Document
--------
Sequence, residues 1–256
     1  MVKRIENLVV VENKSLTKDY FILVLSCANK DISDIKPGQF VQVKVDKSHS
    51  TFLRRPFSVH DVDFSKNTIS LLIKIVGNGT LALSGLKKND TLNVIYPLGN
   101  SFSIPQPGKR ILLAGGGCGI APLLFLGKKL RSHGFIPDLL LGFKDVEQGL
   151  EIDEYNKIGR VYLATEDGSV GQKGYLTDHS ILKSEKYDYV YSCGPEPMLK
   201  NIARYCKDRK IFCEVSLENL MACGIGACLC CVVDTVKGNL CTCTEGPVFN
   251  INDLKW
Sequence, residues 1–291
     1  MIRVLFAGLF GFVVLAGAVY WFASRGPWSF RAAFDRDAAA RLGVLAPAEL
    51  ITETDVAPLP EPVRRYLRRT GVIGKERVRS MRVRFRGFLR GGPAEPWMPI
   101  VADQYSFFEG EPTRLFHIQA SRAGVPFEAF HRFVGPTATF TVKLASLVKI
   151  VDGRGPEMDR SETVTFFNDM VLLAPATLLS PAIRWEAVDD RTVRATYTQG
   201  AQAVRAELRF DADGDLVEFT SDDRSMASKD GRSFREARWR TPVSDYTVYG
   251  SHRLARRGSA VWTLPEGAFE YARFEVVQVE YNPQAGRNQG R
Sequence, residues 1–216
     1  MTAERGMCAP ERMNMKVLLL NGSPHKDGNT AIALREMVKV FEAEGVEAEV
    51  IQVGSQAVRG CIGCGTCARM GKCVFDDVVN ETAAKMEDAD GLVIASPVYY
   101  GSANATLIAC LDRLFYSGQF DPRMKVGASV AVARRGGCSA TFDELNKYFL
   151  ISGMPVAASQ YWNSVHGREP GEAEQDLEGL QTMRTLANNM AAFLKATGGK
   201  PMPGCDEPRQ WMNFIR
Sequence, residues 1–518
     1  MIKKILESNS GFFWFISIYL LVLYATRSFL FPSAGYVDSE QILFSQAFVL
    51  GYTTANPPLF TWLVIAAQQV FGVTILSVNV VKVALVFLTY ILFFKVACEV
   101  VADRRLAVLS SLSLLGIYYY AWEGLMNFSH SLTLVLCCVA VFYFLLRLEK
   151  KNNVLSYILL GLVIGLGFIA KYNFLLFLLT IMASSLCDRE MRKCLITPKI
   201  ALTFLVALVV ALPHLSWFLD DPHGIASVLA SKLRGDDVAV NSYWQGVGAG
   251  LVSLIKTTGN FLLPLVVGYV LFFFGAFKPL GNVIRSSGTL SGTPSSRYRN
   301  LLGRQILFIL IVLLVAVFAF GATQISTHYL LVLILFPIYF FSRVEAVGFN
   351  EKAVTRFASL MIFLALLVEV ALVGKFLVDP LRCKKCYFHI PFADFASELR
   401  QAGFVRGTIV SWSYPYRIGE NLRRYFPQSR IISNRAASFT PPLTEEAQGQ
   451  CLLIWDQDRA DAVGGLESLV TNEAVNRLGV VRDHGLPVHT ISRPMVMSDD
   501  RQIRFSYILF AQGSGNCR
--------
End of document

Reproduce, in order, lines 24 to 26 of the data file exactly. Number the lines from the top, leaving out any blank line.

   101  VADRRLAVLS SLSLLGIYYY AWEGLMNFSH SLTLVLCCVA VFYFLLRLEK
   151  KNNVLSYILL GLVIGLGFIA KYNFLLFLLT IMASSLCDRE MRKCLITPKI
   201  ALTFLVALVV ALPHLSWFLD DPHGIASVLA SKLRGDDVAV NSYWQGVGAG